Book description~ At a New England boarding school, a sex scandal is about to break. Even more shocking than the sexual acts themselves is the fact that they were caught on videotape. A Pandora’s box of revelations, the tape triggers a chorus of voices–those of the men, women, teenagers, and parents involved in the scandal–that details the ways in which lives can be derailed or destroyed in one foolish moment.
Cause. Effect. Guilty until proven innocent? Innocent until proven guilty? These ideas along with so many others were central in Anita Shreve’s fast-paced and intense novel, inspired by the Duke Lacrosse scandal of 2006. In Testimony, the reader was hearing first hand accounts from the 15 different people, each involved in some way, in the high school sex scandal caught on tape, after an Avery Academy boarding school dance. Testimony proved how a single action caused a life to veer in a direction it was never meant to go. Can watching a video tape clarify motives, intentions, and who provoked whom? As the reader, we hear the testimonies of parents, administrators, law officers, students and teachers, trying to get to the bottom of the “truth”. Shreve carefully and wonderfully examined the impulses that swayed the lives of (seemingly innocent) students, their needs, desires, and fears. Were the students driven in malice? Or just testing the waters of right and wrong ending in demise? What I loved most about Testimony, although the first 15 minutes were quite graphic, was how thoroughly it investigated and explored the idea of “the truth” and “perception”. It examined ways in which our best intentions can lead to our worst transgressions, using all the various points of view, age differences, and relation to the scandal itself, to explore the minds and actions of the youth. The realism in action, consequence, and dialogue was unreal. I’ve never seen an author, even Jodi Picoult create 15 real and plausible characters that WORKed in one novel alone.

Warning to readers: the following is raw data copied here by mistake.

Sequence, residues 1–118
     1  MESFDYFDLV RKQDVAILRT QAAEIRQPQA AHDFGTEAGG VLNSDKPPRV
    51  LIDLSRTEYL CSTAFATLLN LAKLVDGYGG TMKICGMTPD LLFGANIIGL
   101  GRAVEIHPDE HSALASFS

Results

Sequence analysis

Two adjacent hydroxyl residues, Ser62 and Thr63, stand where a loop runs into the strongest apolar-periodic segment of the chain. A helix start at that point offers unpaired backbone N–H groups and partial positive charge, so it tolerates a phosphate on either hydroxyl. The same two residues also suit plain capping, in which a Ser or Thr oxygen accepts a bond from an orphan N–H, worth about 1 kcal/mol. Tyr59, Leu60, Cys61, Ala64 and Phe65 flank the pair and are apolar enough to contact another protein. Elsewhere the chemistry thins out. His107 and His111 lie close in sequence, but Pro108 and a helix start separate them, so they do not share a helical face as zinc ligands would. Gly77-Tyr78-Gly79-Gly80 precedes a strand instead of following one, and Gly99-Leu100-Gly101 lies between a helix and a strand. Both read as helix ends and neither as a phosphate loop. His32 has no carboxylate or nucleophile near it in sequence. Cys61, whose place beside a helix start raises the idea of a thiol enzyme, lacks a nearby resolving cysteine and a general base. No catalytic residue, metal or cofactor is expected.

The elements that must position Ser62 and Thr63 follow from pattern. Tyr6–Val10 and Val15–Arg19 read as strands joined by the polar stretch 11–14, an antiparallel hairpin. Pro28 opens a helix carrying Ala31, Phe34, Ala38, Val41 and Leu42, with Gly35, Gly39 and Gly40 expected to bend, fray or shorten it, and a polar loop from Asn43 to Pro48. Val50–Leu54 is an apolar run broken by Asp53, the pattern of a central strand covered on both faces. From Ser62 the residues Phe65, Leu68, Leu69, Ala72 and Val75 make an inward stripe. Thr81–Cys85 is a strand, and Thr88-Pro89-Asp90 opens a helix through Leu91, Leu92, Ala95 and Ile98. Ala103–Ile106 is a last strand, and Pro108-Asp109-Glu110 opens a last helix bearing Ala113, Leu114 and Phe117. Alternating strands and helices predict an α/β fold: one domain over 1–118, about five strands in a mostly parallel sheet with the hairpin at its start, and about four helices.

Silas and Noel’s stories were particularly emotional for me. I wanted to smack Sienna- she was “all about the PGs”. Rob was my favorite. I felt sad for Irwin more than anyone- can you imagine the anguish of holding his secret in everyday? Unimaginable.
Not everyone embraces audiobooks. I’ve really enjoyed picking particular books to listen to on my iPod instead of read. Time is precious for me, as I have such little down time and need to read 35 more books in 2010! I love using my morning commute and cleaning/cooking time to listen to these books using such great new technology. This book translated SO well to audiobook. Shreve is artful with her character development, their voices, and inflection. This particular audiobook was a full cast. Each of the 15 characters had a different voice-over artist representing them. I felt like I was sitting across the interview table from each of the folks involved. I felt like I was sitting in the administrator’s office as the horrible news was delivered to the parents of the students involved. I felt like I was reading Rob’s letter to the “researcher”.
Anita Shreve is one of my newest favorite authors and I can’t wait to read more of her work. I’m curious to hear what my book club babes think of this thought-provoking and controversial book, as half of us will have read it, and the other half will have listened. I don’t think I’d feel as invested in the story and characters if I hadn’t listened to the audiobook.
Thanks to my sweet apple turnover w/ powdered sugar for picking this great book! Hope you liked it as much as I did.
17 down, 35 to go!
In progress, The Opposite of Me